No matter what business we are in, we are all fighting essentially the same fight—designing a product that a customer will prefer over that of our competitor. To do this, we need to constantly be aware of how our business environment is evolving, how our customers are changing, and what we need to modify in order to keep our product relevant and desirable.
If you’re in the business of making widgets, don’t just look to other widget makers to get a sense of how you are faring in the global business space. Look at other businesses that have similar key elements in common with you. I find the airline industry endlessly fascinating. It, like the tech industry, has gradually found ways to make its core products less expensive and more accessible to the general public. However, in return, their customers have had to accept a vast reduction in services and expectations. It’s an interesting seesaw between what the customer truly wants and what they are willing to give up in order to get it. In the center are the core essentials: a safe, convenient flight at a low fare. Everything else falls away in relevance as long as the core criteria are met. What are the fundamentals that have to be in place in order to maintain an ongoing and happy relationship between you and your customer?
Suppose you were the head of operations at a megachurch. Perhaps Chicago’s Willow Creek, or Joel Osteen’s church in Houston. Osteen’s church seats almost 16,000 people, and runs four worship services plus various meeting groups every Sunday, which means that there are up to 64,000 people—and the cars they are driving—coming in and out of the church parking lot in one day. The sheer number of congregants means that the odds of getting into fender-benders, gridlock, and potentially dangerous traffic in the church’s parking lot increases as one congregation departs and the next one arrives. So what do you do? Where do you go to learn the mechanics of moving that number of vehicles, and that number of human beings, in an efficient and safe manner?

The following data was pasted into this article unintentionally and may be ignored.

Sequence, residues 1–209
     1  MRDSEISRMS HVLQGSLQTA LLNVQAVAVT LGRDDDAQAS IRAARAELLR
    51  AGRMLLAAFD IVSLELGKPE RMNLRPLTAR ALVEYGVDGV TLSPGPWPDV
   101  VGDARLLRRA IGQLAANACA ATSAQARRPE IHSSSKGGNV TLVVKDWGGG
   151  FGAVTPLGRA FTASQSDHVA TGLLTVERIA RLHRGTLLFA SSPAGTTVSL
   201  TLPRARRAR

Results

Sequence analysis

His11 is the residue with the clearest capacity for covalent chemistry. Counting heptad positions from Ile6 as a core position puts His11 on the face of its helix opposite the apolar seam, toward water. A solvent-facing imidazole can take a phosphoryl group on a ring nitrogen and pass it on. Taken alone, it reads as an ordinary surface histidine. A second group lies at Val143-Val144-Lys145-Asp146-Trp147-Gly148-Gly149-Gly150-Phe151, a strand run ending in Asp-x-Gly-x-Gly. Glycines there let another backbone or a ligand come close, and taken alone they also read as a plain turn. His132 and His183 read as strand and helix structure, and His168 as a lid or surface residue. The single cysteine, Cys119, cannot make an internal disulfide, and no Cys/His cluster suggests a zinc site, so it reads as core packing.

If you’re serious about solving this problem, you go to the Disney Academy at Disney World. Now, entertaining legions of small children with animatronic animals and teacup rides doesn’t have much in common with preaching about God. But sixty years of crowd management has made Disney operations the undisputed champion of event control and coordination. By working with Disney, these churches could learn a few things about integrating their system of traffic flow and parking. Fender-benders would go down, customer satisfaction would go up, and everybody would be happy.
- What industries or businesses that are unrelated to yours are dealing with issues similar to yours? For example, issues of production, customer segments, or marketing.
- What are the lessons learned in terms of the push and pull between where those businesses are succeeding and where they are failing?
- What are some nonbusiness examples with similar issues to yours (such as foreign governments or a nongovernment agency like the Red Cross)?